VERNON, James (1646-1727), of Frith Street, Westminster.

Published in The History of Parliament: the House of Commons 1660-1690, ed. B.D. Henning, 1983
Available from Boydell and Brewer



Feb. 1701
Dec. 1701

Family and Education

bap. 1 Apr. 1646, 2nd s. of Francis Vernon (d.1647) of Covent Garden, Westminster by Anne, da. of George Smithies, goldsmith of London, wid. of William Welby of Gedney, Lincs. educ. Charterhouse; Christ Church, Oxf. 1662, BA 1666, MA 1669. m. lic. 6 Apr. 1675, Mary (d. 12 Oct. 1715), da. of Sir John Buck, 1st Bt., of Hamby Grange, Lincs., 2s. 2da. suc. bro. 1677.1

Offices Held

Sec. to the Duke of Monmouth 1673-9, to the Prince of Orange Dec. 1688-Feb. 1689; dep. sec. at war 1678-9; gazetteer by Oct.-Dec. 1688; under-sec. of state 1689-190, 1693-7; sec. of embassy to William Harbord 1691-2; sec. of state 1697-1702; PC 5 Dec. 1697-d.; teller of the receipt, Exchequer 1702-10; commr. for privy seal 1716.2

J.p. Westminster 1689-d., Mdx. by 1701-?d., commr. for assessment, Westminster 1689-90.3


Vernon’s father, in the course of a varied but apparently successful career, acquired the rank of captain, probably at sea. He was a naval victualler in 1628 and secretary to Lord Hamilton during his campaign in (Germany. On 1 Sept. 1642 he was appointed deputy to Sir Gilbert Gerard as parliamentary treasurer at war, and held office at least until 1645. Vernon’s brother inherited an independent income, but acted as secretary to Ralph Montagu* at Paris, until he retired to satisfy a taste for more extensive travelling; but before doing so he procured for Vernon a recommendation to Montagu’s successor, the 2nd Earl of Sunderland, to whose friendship, according to his son, he ‘owed the rise of all his good fortune in life’. But it was Joseph Williamson who sent Vernon on a mission to the Continent in 1672. On his return he was appointed private secretary to the young Duke of Monmouth, for whom a household had just been formed, and granted a pension of £300, in addition to which his brother’s death left him master of sufficient private means to patronize Kneller on his arrival in England, and to introduce him to court circles. When the King appointed Monmouth captain-general, Vernon is said to have razed from the commission the adjective in the phrase ‘natural son’. As field deputy to the secretary at war he must be credited with the logistical success of the expedition to Flanders in 1678. He owed his seat in the first Exclusion Parliament to his employer’s interest as chancellor of Cambridge University. Shaftesbury marked him ‘base’, no doubt because of his court connexions. He was appointed to the committee of elections and privileges, spoke twice in the debate on disbandment on 29 Mar. 1679 to deny that the army had taken free quarter or transgressed the Petition of Right, and voted for the exclusion bill.4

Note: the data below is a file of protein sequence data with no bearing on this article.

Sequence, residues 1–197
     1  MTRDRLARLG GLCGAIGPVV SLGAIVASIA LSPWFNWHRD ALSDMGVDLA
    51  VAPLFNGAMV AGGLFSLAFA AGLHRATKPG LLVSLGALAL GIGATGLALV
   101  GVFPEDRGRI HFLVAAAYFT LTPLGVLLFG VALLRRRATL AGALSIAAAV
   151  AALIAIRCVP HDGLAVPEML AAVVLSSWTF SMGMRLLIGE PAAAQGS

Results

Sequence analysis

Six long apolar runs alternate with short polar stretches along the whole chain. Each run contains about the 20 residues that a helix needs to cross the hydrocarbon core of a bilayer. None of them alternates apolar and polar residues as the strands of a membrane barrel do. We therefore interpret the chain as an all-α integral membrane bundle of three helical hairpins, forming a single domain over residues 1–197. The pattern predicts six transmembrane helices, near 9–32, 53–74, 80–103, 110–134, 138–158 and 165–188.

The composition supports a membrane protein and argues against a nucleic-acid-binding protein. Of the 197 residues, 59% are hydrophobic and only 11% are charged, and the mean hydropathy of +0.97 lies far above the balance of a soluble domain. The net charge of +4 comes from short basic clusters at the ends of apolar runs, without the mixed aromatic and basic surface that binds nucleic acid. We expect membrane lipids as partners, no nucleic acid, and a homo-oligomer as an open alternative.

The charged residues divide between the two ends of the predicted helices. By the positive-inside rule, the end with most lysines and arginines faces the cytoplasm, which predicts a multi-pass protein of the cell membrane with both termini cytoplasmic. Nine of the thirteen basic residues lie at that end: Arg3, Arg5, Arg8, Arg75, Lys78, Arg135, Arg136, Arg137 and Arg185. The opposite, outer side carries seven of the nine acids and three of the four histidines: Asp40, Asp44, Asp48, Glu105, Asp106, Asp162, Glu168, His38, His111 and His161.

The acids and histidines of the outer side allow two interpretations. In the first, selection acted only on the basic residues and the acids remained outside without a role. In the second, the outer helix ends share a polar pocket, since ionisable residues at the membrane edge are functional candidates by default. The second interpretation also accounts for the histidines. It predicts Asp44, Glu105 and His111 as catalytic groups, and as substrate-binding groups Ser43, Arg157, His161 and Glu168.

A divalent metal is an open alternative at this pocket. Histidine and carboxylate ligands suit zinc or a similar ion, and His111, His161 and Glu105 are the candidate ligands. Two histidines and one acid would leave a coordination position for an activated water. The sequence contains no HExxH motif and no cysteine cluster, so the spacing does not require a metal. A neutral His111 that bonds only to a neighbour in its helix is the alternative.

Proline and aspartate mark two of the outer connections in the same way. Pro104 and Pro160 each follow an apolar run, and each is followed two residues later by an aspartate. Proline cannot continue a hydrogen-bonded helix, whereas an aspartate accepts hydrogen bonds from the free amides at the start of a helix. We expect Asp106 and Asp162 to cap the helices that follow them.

Vernon accompanied Monmouth on his campaign against the Scottish Covenanters, but was not re-elected. His employer had renounced his interest at Cambridge, and he was twice unsuccessful at Penryn. His pension was paid up to midsummer 1680, but he continued in the same service till Monmouth went into exile, though by July 1681 he was expressing the wish that the Duke ‘would leave his party and return to the King’. A warrant was issued for his arrest during the rebellion in 1685; but in 1688 he became a Whig collaborator and was employed in the production of the London Gazette. On 27 Dec. he entered the service of William of Orange, who at first distrusted him, but soon formed a better opinion of him. He became undersecretary of state to Lord Shrewsbury, and advanced £1,500 to the new regime. At Sunderland’s suggestion he was made secretary of state in 1697. He remained a Whig, losing office at the accession of Anne and his sinecure at the Exchequer on the formation of the Tory ministry in 1710. He died on 31 Jan. 1727 and was buried with his wife at Watford. Both his sons sat in Parliament; the elder was also a government official, while the younger, the well-known admiral, sat for Penryn from 1722 to 1734 and later for other constituiencies.5

Ref Volumes: 1660-1690

Author: John. P. Ferris


  • 1. Survey of London, xxiii. 152; Westminster City Lib., St. Martin in the Fields par. reg.; London Mar. Lic. ed. Foster, 1386; Misc. Gen. et Her. (ser. 4), iv. 174; PCC 206 Fines, 53 Farrant.
  • 2. CSP Dom. 1673, pp. 465-6; 1689-90, p. 28; Cal. Treas. Bks. vi. 329; ix. 1001, 1366, 1910; x. 335; xiv. 67; xvii. 47; xxiv. 461; LS13/231/8.
  • 3. Mdx. RO, WJP/CP3.
  • 4. CSP Dom. 1628-9, p. 128; 1644-5, p. 229; 1679-80, pp. 55, 181, 197; 1685, p. 231; PCC 206 Fines, 56 Hale; HMC Coke, i. 344-5; HMC Hamilton, 185; LJ, v. 334; Cal. Comm. Adv. Money, 294; HMC Buccleuch, i. 425; Kenyon, Sunderland, 13, 180, 293-4; J. Beresford, Godfather of Downing Street, 243; Add. 40794, f. 1; Foxcroft, Halifax, i. 75, 82; J. Childs, Army of Charles II, 188, 195; M. Rex, Univ. Rep. 261-6; Clarke, Jas. II, i. 497; Grey, vii. 64, 65.
  • 5. HMC Johnstone, 63; Cal. Treas. Bks. vii. 765; ix. 1976; EHR, xl. 256; HMC Le Fleming, 204; Clutterbuck, Herts. i. 251, 266.